The Catholicon, where St. Nicholas is honored, is on the second floor and it is elongated and stuck on to the south side of the wall of the monastery. The dome of the church is low and has no windows.

The Holy Table rests on the third floor, decorated with murals. The Table, recently restored, is used as a reception area for the visitors. There is even the ossuary, the cells of the monks and the chapel of St. John Prodromos. Since the space is restricted and there is no courtyard, the monks could only gather in the narthex, which was roomy, when there were no liturgies in the nave.

Visiting hours and days: The monastery is open from 09:00 to 15:30. It is closed on Fridays.

St. Nikolaos Anapafsas Monastery Meteora

Varlaam Monastery

The Holy Monastery of Varlaam is the second biggest monastery. It is located opposite of the Great Meteoro Monastery and it was founded in the mid 14th century by the exercitant Hosios Varlaam.

The elegant monastery Catholicon was built in the honour of Agioi Pantes in 1541-42, by two brothers from Ioannina, the priest-monks Hosioi Theophanes and Nectarios the Apsarades. The main church was decorated in 1548. Based on stylistic criteria, this magnificent wall-painting is attributed to the famous hagiographer from Thebes, Frago Catelano.

This is the monastery where you can visit the tower of the old preserved net, used by the first monks for their ascent and descent from the rock, until it was "God’s will to have it replaced"!

A very large and impressive 16th century oak barrel for water storage is also not to be missed. The old refectory has been turned into a museum, where visitors can admire the excellence of religious painted icons – mostly contemporary to the Renaissance period – and precious holy vestments of the priests. Other old buildings in the Monastery are the kitchen and the hospital. The bibliographic workshop and the workshop of gold-embroidery of the Monastery were excellent.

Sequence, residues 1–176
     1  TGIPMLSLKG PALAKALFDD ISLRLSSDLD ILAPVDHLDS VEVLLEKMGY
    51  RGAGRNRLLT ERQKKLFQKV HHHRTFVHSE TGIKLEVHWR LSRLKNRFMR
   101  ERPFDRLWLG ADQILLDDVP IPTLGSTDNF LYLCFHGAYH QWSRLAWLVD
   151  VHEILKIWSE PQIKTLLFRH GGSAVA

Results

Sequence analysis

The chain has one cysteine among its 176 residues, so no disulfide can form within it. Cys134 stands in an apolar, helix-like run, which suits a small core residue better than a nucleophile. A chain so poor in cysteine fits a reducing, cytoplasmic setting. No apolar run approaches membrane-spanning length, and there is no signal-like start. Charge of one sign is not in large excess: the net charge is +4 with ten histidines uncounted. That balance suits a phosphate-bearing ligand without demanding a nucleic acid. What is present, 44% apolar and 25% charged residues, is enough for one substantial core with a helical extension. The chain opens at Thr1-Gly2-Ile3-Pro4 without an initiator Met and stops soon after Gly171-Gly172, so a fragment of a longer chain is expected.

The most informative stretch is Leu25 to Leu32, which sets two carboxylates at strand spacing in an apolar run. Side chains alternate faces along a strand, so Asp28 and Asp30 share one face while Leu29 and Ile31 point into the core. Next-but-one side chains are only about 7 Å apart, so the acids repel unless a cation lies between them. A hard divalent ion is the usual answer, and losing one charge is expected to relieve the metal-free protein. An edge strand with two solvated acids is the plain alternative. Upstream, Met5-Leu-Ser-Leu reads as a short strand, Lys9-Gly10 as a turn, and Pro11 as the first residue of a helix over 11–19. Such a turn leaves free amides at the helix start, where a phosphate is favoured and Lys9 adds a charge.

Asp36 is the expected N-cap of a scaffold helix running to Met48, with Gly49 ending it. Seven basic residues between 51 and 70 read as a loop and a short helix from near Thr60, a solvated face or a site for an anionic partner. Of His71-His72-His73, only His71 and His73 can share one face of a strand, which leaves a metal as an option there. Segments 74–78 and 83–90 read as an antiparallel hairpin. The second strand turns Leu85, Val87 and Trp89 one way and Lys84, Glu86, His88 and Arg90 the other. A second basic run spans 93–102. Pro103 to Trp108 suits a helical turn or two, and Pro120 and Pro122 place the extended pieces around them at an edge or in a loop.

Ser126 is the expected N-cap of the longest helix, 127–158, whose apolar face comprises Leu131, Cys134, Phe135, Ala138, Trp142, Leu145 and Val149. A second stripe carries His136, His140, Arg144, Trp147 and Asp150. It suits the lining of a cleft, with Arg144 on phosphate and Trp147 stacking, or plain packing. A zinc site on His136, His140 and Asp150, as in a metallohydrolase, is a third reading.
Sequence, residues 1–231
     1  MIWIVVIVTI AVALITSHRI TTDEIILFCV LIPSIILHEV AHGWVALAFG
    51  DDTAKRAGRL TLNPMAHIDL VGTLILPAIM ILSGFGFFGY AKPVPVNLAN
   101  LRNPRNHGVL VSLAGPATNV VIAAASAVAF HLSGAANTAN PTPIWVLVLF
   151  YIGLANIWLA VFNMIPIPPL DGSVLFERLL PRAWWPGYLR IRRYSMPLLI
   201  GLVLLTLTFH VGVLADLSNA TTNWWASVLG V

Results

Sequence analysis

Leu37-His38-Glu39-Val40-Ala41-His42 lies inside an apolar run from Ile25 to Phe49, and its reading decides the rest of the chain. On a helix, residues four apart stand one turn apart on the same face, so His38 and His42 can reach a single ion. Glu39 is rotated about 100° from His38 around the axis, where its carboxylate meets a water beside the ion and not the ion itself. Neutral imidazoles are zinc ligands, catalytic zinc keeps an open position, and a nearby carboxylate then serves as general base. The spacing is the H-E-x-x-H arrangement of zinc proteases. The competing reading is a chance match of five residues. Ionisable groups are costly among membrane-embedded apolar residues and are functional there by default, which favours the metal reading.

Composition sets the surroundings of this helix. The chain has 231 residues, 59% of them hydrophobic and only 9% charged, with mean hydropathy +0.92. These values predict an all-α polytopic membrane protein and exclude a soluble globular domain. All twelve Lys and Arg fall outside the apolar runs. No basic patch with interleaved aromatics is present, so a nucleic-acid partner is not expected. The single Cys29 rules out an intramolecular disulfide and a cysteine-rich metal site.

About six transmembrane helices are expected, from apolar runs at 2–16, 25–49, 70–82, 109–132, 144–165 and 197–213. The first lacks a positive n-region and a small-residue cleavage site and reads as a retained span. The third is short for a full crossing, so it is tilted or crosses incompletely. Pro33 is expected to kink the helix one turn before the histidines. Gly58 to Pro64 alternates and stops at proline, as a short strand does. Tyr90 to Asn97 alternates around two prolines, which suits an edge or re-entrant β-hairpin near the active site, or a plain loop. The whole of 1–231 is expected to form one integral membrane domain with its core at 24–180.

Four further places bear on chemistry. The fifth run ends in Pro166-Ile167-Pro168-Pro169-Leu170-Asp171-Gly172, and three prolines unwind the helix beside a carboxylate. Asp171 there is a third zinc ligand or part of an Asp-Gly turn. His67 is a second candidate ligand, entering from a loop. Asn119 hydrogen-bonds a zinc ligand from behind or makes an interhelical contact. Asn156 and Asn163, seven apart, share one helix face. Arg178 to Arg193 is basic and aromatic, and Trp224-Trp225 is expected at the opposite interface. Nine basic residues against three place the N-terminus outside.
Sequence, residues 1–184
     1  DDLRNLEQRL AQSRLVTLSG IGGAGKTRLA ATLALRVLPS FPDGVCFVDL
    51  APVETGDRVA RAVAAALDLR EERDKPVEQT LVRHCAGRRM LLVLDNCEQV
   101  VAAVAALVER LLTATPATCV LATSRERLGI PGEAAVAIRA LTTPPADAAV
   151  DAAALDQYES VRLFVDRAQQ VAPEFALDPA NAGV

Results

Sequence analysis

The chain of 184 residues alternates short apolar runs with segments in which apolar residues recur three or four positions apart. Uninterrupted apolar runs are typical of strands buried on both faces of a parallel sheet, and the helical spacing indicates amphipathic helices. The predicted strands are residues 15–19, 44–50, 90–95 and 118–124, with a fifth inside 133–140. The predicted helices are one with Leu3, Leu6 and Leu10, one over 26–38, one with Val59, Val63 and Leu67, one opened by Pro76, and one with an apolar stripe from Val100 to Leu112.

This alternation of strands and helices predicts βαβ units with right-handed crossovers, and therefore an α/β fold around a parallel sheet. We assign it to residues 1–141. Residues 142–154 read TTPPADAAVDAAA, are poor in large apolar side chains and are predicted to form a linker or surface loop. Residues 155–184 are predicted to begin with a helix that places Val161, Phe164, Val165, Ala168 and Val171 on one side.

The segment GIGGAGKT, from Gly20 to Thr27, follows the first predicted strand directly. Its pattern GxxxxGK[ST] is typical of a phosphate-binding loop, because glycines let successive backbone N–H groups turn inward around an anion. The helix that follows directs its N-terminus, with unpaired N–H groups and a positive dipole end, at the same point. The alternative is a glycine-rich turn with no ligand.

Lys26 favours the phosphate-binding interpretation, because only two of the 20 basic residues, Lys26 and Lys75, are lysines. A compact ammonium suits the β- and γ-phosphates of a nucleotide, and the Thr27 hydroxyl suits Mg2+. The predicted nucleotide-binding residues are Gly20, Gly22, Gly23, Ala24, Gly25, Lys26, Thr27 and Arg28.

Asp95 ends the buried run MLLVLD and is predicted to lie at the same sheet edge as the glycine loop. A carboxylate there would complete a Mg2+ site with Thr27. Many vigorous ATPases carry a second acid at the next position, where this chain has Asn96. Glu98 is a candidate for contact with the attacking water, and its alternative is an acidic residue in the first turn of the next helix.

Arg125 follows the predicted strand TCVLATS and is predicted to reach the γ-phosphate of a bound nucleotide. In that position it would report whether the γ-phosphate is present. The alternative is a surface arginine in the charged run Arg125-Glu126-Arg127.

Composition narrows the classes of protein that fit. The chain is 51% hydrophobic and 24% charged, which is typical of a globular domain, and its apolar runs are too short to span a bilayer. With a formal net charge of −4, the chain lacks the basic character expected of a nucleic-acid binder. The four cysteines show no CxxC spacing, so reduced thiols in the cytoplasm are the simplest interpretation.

Visiting hours and days: The monastery is open from 09:00 to 16:00. It is closed on Fridays.

Varlaam Monastery Meteora

St. Stephen's Monastery

This is the most accessible monastery, where instead of steps you simply cross a small bridge to reach the entrance. It is ideal for visitors who cannot use the steps and yet they wish to have a real experience of a Meteora monastery.

The beginning of monastic life on the rock of Agios Stephanos dates back to early in the 12th century. Hosios Antonios, in the first half of the 15th century, and Hosios Philotheos, who renovated or rather rebuilt from its foundations the old small and elegant Catholicon, the present church of Agios Stephanos, in 1545 are mentioned as its founders.

St. Stephen’s Monastery includes two cathedrals; the old 16th century chapel which was severely damaged during WWII and the consequent Greek Civil War, and the 18th century main cathedral that is dedicated to Saint Charalambos and includes his holy relics.

Most monasteries, such as this one, include the holy relics of their saints or founders in their main cathedrals. Visit this convent for the spectacular view towards the vast valley of Thessaly, the river Pinios and the Pindos mountain range across the plain, but also because of the old cathedral, where the marks of bullets on religious icons witness the dark chapters of the Modern Greek history.

Visiting hours and days: The monastery is open from 9:30 to 13:30 and from 15:30 to 17:30. It is closed on Mondays.

St. Stephens Monastery Meteora
Many thanks to Visit Meteora for photos and texts!